La Caja China: A Little History
So here’s a question we get quite often regarding our La Caja China grills, “What an awesome idea! Where do these things come?” Glad you asked…There seems to be as much mystery surrounding the origins of the “caja china” as there is about how to use one. Stories have been told about the approximately 150,000 Chinese laborers who came to Cuba during the 1850′s, and that it was they who brought the cooking style to the island, hence the term “caja china.” Makes sense right? “Chinese box” made by Chinese people. Case closed. Well, not so fast. Research indicates no known record of these pig roasters dating back this far. In fact, the evidence shows there to have been relatively little co-mingling between the Chinese and Cuban cuisines, unlike the clear associations that can be made in many other countries of the Americas. So the question remains, where did the “china box” originate, and where did the name “la caja china” come from?
According to well-traveled food anthropologist Sidney Mintz, the more likely scenario is this… The term “china” or “chino” does not represent the country of China in this usage, but actually represents a common Hispanic term describing something as mysterious, clever, or exotic. Using this interpretation, “la caja china” would translate as “the clever box” rather than “the Chinese box.” This hypothesis is strengthened by renowned Cuban chef Maricel Presilla of the restaurant Zafra in New Jersey when she states, “Cubans like to call anything that is unusual or clever Chinese. And this is true all over the Caribbean. Pretty much any culture there, whether Cuban or Puerto Rican or Dominican, they have somewhere some kind of thing like this-a Caja China.” (Sifton) Variations on the box can be found in various countries, and go by a variety of names. In Peru there is the “caja china criollo,” in the Cuban community the “caja asadora” (roasting box) and “asador cubano” (Cuban roaster).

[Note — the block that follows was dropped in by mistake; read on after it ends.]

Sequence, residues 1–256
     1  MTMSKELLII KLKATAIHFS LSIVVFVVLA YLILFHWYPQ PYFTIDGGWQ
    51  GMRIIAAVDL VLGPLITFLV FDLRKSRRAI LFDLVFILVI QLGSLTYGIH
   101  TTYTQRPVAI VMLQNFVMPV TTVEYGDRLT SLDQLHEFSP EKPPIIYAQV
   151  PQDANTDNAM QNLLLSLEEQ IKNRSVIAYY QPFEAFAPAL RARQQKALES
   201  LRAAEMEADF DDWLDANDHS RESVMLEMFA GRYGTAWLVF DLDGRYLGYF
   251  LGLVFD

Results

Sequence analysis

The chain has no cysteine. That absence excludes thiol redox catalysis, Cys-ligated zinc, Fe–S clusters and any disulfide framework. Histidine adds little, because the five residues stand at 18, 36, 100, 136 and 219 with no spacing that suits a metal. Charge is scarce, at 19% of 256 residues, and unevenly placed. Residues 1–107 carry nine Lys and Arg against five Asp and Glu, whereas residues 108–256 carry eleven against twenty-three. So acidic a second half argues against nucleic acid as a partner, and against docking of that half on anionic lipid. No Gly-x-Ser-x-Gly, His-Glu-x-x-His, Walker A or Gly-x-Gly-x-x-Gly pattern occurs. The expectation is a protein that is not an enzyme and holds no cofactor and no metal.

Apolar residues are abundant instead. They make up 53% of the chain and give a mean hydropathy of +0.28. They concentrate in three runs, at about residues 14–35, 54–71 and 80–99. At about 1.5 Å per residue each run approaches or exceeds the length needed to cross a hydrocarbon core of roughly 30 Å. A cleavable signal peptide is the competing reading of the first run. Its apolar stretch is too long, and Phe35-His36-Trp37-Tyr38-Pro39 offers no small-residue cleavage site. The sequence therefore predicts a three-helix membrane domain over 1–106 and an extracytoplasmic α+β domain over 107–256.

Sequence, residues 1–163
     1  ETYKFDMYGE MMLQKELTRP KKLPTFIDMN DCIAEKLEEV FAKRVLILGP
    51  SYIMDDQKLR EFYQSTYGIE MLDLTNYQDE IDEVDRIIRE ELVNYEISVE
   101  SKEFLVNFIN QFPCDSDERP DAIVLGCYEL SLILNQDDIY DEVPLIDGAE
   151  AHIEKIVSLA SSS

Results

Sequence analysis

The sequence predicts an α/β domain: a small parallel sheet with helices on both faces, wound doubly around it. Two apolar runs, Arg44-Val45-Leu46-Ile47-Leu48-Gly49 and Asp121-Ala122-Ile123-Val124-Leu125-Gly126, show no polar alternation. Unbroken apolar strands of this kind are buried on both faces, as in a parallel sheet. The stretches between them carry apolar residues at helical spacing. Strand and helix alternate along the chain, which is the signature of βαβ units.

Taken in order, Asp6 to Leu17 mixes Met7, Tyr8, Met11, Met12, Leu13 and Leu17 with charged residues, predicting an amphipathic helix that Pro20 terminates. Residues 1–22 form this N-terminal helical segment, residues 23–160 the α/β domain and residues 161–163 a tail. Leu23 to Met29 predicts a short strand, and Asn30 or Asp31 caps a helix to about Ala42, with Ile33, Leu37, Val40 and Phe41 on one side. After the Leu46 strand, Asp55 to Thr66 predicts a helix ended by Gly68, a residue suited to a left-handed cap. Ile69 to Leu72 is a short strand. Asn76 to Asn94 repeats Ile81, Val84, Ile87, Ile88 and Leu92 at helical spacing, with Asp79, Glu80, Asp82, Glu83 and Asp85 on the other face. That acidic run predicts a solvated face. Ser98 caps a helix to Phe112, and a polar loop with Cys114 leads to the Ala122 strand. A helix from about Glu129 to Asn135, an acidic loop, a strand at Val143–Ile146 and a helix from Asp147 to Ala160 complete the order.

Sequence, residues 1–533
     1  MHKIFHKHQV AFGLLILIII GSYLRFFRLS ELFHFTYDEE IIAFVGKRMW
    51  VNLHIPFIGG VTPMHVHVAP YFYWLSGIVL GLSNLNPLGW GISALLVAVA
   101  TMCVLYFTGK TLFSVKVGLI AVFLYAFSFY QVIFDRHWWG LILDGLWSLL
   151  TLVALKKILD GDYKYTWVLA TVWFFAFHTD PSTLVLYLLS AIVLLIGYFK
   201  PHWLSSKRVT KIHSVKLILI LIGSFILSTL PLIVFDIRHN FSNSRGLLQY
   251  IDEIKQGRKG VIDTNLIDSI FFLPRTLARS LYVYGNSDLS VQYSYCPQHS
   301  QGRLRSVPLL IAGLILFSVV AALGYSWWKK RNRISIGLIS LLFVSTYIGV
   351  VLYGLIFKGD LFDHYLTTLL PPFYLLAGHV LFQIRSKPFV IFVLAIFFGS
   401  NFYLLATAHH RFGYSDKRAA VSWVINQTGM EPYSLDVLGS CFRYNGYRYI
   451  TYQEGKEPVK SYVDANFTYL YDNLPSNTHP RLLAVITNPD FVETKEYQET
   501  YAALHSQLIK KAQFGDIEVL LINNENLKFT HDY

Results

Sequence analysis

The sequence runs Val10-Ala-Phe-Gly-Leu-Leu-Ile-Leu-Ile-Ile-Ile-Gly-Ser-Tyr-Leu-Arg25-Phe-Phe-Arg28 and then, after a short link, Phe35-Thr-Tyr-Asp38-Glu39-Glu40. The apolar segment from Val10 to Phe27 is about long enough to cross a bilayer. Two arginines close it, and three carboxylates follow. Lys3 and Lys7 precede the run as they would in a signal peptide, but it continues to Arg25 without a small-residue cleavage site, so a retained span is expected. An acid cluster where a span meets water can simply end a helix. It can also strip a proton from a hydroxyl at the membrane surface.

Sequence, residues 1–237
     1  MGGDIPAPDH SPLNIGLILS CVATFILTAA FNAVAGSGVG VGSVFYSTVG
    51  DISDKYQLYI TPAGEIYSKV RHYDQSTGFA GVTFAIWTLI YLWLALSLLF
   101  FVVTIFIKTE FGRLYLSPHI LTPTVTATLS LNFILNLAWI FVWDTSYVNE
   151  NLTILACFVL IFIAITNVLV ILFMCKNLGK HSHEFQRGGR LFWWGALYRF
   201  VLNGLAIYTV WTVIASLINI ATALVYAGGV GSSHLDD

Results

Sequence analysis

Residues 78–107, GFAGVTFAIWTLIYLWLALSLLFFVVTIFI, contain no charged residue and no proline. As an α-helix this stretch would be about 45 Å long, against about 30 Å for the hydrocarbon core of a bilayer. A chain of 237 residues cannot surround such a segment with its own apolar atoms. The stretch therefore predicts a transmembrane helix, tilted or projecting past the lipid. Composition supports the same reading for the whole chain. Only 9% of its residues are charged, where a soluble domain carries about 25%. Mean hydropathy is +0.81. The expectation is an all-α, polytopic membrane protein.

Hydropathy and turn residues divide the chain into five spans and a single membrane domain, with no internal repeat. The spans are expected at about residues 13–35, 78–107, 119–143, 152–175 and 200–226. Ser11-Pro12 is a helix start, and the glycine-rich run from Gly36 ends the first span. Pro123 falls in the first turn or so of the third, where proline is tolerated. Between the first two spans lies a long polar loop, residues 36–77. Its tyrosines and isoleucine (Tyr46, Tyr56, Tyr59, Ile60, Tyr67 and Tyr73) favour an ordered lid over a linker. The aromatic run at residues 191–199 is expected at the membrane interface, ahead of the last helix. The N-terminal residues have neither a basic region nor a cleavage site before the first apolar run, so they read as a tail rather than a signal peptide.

In Louisiana’s Cajun community it is referred to as a “Cajun microwave.” The reality is that all these “china box” grills are very similar in their style of cooking, using heat from charcoal and the pressure of an enclosed roasting box to cook large amounts of food in an incredibly short amount of time. Not only is the cooking time shortened from eight or more hours for a large pig to just four, but the meat comes out incredibly tender and savory. It is, in my opinion, the best kept secret in the American barbecue community today. You can purchase one, along with its accessories, at http://www.shoplatintouch.com. Once you own one, you’ll wonder what took so long.